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        Daughters of the Dirt / Sarah Higdon

Flying Solo
by Katie Allison Granju

In her memoir, The Lunchbox Chronicles, writer Marion Winik tells how awe-inspiring she used to find single parents, wondering how in the world they managed to get by. She both admired and pitied them, and thanked her lucky stars every day that she didn't belong to their ranks.

And then her husband died, leaving her with a three-year-old and a six-year-old to raise all by herself. She writes that after the initial shock of her loss wore off, she suddenly realized that she had become not only a widow, but a single parent, and when she thought of the years of "hard labor" stretched out ahead of her, all she could say was "Holy %$&@!!"

I too am now a single parent. After sharing parenting duties for the last 11 years with my children's father, he no longer lives with me. My children still have two parents, of course, but we two parents no longer have one another. As a result, I am suddenly being forced into a steep learning curve at a time when I really thought I had this whole running-a-household thing mostly figured out.

I have never mowed a lawn. I have no idea how to fix a leaky faucet or clean the gutters. I don't even cook. In our family's unofficial and voluntary division of labor, these tasks fell on my now-absent husband's shoulders. And when the children are at his house, he too is now facing alien tasks that formerly fell within my purview. He is learning how to fix a ponytail, plan and referee play-dates, and get three children to three different lessons during his work hours. And both he and I are facing the reality that after all the kids are finally bathed, read-to, and asleep at night, there will be no cozy adult discussion of the day's events or shared laughs and commiseration over spilled milkóliteral or figurative.

Interestingly, since my kids' father moved out, many of my still-married friends with children have admitted to me in a somewhat furtive way that they envy me. Looking around as if someone might overhear their blasphemous confessions, one after another has told me of their secret fantasies of being able to run their households exactly as they choose, with no need for compromise or cooperation.

"I'd get rid of that ugly recliner in about two seconds," says one. "I'd use all the hot water every night and I'd park wherever I want to in the driveway," declares another.

Other pals have expressed their suppressed desires to eat in bed without fear of crumbs bothering anyone else; keep the heat turned as high as they like in the winter; or throw out the stacks of decade-old newspapers and magazines rotting in their laundry rooms.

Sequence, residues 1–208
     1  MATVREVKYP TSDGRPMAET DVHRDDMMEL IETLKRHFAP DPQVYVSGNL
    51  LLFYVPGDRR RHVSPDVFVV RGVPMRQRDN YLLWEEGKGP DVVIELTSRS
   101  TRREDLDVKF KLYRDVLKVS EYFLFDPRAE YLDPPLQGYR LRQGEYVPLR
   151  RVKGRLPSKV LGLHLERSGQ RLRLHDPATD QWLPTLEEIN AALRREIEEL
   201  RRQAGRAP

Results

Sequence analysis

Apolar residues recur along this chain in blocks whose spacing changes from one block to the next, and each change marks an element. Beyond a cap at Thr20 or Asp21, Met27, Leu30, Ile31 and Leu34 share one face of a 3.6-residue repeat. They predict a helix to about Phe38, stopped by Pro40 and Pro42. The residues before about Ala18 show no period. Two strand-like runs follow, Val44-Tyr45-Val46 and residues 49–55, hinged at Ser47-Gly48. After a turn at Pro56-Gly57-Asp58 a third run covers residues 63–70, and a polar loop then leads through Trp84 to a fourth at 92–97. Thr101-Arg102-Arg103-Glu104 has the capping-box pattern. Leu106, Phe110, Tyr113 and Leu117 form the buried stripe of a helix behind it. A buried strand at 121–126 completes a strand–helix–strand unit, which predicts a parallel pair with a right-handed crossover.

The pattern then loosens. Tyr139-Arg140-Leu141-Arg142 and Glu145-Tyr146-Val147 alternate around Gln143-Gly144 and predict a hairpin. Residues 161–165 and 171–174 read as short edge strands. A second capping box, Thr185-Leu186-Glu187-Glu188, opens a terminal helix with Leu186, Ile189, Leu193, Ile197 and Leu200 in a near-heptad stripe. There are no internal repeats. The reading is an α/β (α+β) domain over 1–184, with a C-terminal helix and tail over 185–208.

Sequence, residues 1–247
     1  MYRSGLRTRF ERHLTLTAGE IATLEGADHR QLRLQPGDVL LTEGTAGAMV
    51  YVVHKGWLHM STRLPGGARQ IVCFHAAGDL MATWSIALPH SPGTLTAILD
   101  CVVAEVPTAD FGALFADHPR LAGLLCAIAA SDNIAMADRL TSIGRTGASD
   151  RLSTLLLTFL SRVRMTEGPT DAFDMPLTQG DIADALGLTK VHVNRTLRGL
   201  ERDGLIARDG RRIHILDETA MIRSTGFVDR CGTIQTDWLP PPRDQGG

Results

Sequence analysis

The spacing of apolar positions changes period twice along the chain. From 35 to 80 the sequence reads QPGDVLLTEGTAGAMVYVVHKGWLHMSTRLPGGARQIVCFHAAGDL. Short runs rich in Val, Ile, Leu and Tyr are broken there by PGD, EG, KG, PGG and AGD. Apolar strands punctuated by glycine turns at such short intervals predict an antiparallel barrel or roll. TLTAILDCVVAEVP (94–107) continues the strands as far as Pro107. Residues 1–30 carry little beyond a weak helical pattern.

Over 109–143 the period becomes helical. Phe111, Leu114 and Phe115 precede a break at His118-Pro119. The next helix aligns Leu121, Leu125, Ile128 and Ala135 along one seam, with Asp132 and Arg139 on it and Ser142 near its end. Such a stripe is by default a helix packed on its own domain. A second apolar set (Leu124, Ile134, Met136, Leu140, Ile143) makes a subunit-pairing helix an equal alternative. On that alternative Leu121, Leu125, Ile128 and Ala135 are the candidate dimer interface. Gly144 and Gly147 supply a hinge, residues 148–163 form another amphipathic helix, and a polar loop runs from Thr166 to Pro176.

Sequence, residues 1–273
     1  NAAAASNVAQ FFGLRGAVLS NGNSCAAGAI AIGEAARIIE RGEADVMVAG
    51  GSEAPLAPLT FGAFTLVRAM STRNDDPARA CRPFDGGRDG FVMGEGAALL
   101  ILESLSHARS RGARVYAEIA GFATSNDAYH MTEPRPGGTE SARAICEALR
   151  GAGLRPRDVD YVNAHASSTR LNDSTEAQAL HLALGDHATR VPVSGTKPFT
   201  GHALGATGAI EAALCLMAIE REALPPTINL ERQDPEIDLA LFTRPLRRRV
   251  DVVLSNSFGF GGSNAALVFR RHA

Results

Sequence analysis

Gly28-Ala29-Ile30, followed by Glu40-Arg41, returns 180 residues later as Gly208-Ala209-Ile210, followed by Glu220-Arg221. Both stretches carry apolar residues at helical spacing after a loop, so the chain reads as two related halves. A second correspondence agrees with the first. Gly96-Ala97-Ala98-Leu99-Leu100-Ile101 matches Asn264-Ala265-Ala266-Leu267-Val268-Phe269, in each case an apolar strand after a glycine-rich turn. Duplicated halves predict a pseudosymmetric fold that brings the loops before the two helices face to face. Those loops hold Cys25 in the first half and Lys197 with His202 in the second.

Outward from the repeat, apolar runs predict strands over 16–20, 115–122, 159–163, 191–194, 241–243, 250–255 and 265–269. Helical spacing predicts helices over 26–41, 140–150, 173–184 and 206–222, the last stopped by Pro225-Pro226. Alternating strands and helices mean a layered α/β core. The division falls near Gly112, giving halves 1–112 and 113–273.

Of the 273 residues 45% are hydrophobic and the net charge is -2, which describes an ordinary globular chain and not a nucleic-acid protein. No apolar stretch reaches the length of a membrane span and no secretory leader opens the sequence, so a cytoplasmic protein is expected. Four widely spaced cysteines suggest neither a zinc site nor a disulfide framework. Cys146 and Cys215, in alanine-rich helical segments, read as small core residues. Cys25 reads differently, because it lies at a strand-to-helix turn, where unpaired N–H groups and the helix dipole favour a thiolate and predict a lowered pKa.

As for myself, I never fantasized about single parenthood. In fact, I fought with every fiber in my being to prevent the break-up of my marriage, and I fell into a dark depression for many months after my husband moved out. I was sad for my children and I felt sorry for myself. Like Marion Winik, my commentary on the turn my life had taken was usually in the form of angry expletives or tears or both.

But as the longest, darkest winter I had ever experienced began to fade, and as the weather began to warm and the crocus and daffodils poked their first tentative tendrils up through the dirt in my yard, I began to notice for the first time how much I was enjoying certain aspects of living without another adult. I found myself reveling in certain guilty pleasures, such as eating ice cream in the bath tub and leaving my bedroom light on until 3 a.m. if I want to finish a book. I let my dog get on the sofa and I stopped storing the bread in the refrigerator.

Last weekend, my children and I moved out of the home our family had lived in for the past seven years and into a charmingly dilapidated 1940s cottage that I love and my husband would hate. I see built-in china cabinets, an appealing, ivy-covered exterior, and a yard that backs up to a library in my favorite local neighborhood. He would see a house with no garage and a topography that has "drainage problems" written all over it. I felt giddy on the day I signed the lease in my own name. And last night, for the first time, I slept in my own bedroomówhich I painted pinkóin my very own bed. The dog was snoring under the covers and I read a mystery deep into the night.

I still miss my husband and my marriage a great deal. I have a feeling that I will grieve this loss in my own way for the rest of my life. And there is no doubt in my mind that my children have lost something irreplaceable. Some days I still have the unsettling sense that I have somehow woken up in someone else's life. But more often than not now, I am able to see that in fact, the opposite is true: I am composing and reclaiming my own life.
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Katie Granju is the author of Attachment Parenting, Instinctive Care for Your Baby and Young Child, as well as a columnist for Knoxville's Metro Pulse, where this piece first appeared.

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